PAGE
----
ment in patients with acute cardiogenic pulmonary Drafting of the manuscript: Masip.
13. Mehta S, Nava S. Mask ventilation and cardio-
oedema. Emerg Med J. 2004;21:155-161.
Critical revision of the manuscript for important in- genic pulmonary edema. Intensive Care Med. 2005; 33. Levitt MA. A prospective, randomized trial of BIPAP
tellectual content: Masip, Roque, Sa´nchez, Ferna´ndez, in severe acute congestive heart failure. J Emerg Med.
14. Jadad AR, Moore RA, Carroll D, et al. Assessing the
quality of reports of randomized clinical trials: is blind- 34. Nava S, Carbone G, Dibatista N, et al. Noninva-
Statistical analysis: Masip, Roque.
ing necessary? Control Clin Trials. 1996;17:1-12.
sive ventilation in cardiogenic pulmonary edema. Am J Obtained funding: Masip, Roque.
15. Schulz KF, Chalmers I, Hayes RJ, Altman D. Em-
Respir Crit Care Med. 2003;168:1432-1437.
Administrative, technical, or material support: Roque, pirical evidence of bias. JAMA. 1995;273:408-412.
35. Mehta S, Jay GD, Woolard RH, et al. Random-
Sa´nchez, Ferna´ndez, Subirana, Expo´sito.
16. Egger M, Smith GD, Schneider M, Minder C. Bias
ized, prospective trial of bilevel vs continuous positive Study supervision: Masip, Roque, Ferna´ndez.
in meta-analysis detected by a simple, graphical test.
airway pressure in acute pulmonary edema. Crit Care Financial Disclosures: None reported.
Funding/Support: This project was funded in part by
17. Begg CB, Mazumdar M. Operating characteristics
36. Bellone A, Monari A, Cortellaro F, Vettorello M, Ar-
the nonprofit Agencia de Evaluacio´n de Tecnologı´as of a rank correlation test for publication bias. Biometrics.
lati S, Coen D. Myocardial infarction rate in acute pul- Sanitarias, Instituto de Salud Carlos III, Fondo de In- monary edema. Crit Care Med. 2004;32:1860-1865.
vestigacio´n Sanitaria (FIS) PI04/90064. The grant cov- 18. Vaisanen IT, Rasanen J. Continuous positive air-
37. Bellone A, Vettorello M, Monari A, Cortellaro F, Coen
ered administrative material and a scholarship.
way pressure and supplemental oxygen in the treat- D. Noninvasive pressure support ventilation vs continu- Role of the Sponsor: Agencia de Evaluacio´n de Tec-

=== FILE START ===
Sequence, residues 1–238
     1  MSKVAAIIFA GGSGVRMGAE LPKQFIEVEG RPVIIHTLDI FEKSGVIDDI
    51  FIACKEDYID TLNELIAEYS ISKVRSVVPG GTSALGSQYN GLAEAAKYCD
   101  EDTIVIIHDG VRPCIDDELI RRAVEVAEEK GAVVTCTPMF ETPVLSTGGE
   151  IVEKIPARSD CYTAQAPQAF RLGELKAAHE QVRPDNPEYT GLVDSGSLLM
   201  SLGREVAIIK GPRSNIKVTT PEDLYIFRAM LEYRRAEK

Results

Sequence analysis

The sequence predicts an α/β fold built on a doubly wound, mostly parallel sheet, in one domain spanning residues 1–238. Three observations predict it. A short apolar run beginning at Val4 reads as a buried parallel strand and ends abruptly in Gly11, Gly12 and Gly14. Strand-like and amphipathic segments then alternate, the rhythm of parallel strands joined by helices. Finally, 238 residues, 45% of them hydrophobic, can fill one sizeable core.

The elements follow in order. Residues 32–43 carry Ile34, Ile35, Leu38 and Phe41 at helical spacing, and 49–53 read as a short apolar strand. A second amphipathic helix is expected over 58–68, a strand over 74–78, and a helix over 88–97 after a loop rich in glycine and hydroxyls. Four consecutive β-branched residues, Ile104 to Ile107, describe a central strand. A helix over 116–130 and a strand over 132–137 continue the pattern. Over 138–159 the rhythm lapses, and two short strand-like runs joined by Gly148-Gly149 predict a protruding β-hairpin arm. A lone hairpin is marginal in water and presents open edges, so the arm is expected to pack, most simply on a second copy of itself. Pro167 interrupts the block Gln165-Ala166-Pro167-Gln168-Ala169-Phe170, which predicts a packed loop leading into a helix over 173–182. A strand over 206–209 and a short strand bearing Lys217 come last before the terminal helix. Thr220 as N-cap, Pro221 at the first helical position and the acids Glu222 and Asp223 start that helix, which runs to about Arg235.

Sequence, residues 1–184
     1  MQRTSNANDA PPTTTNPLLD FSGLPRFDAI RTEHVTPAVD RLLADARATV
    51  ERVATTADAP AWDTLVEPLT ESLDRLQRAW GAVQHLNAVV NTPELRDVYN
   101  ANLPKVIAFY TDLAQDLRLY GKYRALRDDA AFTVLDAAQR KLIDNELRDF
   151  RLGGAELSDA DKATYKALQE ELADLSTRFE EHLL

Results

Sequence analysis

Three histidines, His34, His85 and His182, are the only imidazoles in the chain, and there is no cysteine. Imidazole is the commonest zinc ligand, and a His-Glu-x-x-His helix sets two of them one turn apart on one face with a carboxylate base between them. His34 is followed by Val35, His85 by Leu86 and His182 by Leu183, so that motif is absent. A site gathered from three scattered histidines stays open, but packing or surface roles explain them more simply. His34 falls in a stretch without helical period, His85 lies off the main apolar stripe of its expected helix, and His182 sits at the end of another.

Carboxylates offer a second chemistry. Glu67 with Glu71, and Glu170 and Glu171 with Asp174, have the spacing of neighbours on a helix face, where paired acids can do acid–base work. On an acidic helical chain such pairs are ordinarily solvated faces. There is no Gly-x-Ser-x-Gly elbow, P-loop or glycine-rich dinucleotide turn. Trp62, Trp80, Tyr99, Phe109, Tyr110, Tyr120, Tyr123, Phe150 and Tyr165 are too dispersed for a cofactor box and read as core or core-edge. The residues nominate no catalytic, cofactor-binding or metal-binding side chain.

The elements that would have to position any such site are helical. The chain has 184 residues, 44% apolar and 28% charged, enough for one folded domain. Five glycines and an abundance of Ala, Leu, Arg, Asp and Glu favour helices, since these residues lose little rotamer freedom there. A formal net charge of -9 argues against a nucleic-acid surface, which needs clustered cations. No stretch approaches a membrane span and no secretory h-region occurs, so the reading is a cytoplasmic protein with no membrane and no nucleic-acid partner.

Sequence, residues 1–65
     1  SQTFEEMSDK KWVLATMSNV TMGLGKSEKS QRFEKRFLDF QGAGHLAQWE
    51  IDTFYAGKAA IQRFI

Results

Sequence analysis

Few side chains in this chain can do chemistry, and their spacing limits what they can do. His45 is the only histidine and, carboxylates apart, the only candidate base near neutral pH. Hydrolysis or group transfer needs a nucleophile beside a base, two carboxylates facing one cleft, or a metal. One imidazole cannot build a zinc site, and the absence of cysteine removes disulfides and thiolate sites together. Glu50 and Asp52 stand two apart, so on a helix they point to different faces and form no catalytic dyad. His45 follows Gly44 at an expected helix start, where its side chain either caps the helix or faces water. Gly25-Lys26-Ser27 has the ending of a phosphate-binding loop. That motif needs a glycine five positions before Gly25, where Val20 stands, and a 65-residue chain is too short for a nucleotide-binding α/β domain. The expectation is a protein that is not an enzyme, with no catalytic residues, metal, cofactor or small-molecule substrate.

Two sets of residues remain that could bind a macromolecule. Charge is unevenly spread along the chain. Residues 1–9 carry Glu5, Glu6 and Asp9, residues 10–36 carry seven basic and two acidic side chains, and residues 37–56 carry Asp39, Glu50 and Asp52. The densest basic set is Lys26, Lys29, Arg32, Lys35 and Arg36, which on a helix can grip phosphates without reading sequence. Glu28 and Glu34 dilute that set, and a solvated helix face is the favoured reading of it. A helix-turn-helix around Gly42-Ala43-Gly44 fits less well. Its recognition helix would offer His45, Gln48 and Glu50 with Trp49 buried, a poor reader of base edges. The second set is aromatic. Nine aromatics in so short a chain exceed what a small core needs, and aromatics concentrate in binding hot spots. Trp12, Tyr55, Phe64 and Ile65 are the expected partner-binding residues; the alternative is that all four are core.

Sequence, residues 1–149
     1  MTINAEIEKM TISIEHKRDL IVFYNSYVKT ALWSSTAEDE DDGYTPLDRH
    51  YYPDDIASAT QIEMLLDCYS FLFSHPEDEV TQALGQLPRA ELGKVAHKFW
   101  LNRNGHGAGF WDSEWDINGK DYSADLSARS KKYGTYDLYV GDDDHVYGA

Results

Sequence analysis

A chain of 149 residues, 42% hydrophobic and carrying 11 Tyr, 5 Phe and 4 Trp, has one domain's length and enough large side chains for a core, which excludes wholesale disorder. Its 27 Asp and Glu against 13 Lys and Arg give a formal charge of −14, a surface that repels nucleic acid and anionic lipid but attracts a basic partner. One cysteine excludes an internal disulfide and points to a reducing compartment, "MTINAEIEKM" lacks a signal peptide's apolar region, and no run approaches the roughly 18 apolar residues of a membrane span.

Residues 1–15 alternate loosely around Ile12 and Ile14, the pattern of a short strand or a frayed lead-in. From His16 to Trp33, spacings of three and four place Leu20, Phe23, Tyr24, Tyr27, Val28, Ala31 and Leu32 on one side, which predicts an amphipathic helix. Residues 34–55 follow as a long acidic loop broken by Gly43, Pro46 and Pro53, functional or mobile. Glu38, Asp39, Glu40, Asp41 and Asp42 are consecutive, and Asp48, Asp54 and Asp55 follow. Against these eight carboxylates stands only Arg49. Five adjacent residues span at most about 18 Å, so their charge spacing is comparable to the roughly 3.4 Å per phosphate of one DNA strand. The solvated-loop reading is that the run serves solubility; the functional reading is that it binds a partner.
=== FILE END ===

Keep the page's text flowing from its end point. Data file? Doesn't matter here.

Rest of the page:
ment of cardiogenic pulmonary edema. Chest. 1987;92: ous positive airway pressure in acute hypercapnic pul- nologı´as Sanitarias, Instituto de Salud Carlos III, Fondo monary edema. Intensive Care Med. 2005;31:807-811.
de Investigacio´n Sanitaria, did not participate in the 19. Chadda K, Annane D, Hart N, et al. Cardiac
38. Pang D, Keenan SP, Cook DJ, Sibbald WJ. The effect
design and conduct of the study, in the collection, and respiratory effects of continuous positive airway of positive pressure airway support on mortality and need analysis, and interpretation of the data, or in the prepa- pressure and noninvasive ventilation in acute cardiac for intubation in cardiogenic pulmonary edema: a sys- ration, review, or approval of the manuscript.
pulmonary edema. Crit Care Med. 2002;30:2457- tematic review. Chest. 1998;114:1185-1192.
Acknowledgment: We thank Carolyn Newey (lan-
39. Rusterholtz T, Kempf J, Berton C, et al. Noninva-
guage editor at Institut de Recerca de l'Hospital de la 20. Craven RA, Singletary N, Bosken L, et al. Use of bi-
sive pressure support ventilation (NIPSV) with face mask Santa Creu I Sant Pau, Barcelona) and Mitsi Ito (En- level positive airway pressure in out-of-hospital patients.
in patients with acute pulmonary edema (ACPE). In- glish Essentials) for editing the manuscript and Joa- Acad Emerg Med. 2000;7:1065-1068.
tensive Care Med. 1999;25:21-28.
quim Pa´ez (attending physician, ICU Department, Hos- 21. Cross AM, Cameron P, Kierce M, Ragg M, Kelly AM.
40. Nieminen MS, Bohm M, Cowie MR, et al. Execu-
pital Dos de Maig de Barcelona) for his constant support Non-invasive ventilation in acute respiratory failure.
tive summary of the guidelines on the diagnosis and throughout the project.
Emerg Med J. 2003;20:531-534.
treatment of acute heart failure. Eur Heart J. 2005;26: 22. Sharon A, Shpirer I, Kaluski E, et al. High-dose in-
travenous isosorbide-dinitrate is safer and better than 41. Masip J, Pen˜a C, Figueras J, Pa´ez J, Sa´nchez B, Can-
Bi-PAP ventilation combined with conventional treat- cio B. Hypertensive acute pulmonary edema. Eur J Heart 1. Brochard L, Mancebo J, Wysocki M, et al. Nonin-
ment for severe pulmonary edema. J Am Coll Cardiol.
Fail. 2005;4(suppl 1):11.
vasive ventilation for acute exacerbations of chronic ob- 42. Masip J, Pa´ez J, Betbese´ AJ, Vecilla F. Noninvasive
structive pulmonary disease. N Engl J Med. 1995;333: 23. Lin M, Chiang HT. The efficacy of early continu-
ventilation for pulmonary edema in emergency room.
ous positive airway pressure therapy in patients with Am J Respir Crit Care Med. 2004;169:1072-1073.
3130 JAMA, December 28, 2005—Vol 294, No. 24 (Reprinted)
2005 American Medical Association. All rights reserved.

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The dysplastic nevus: from historical perspective to management in the modern era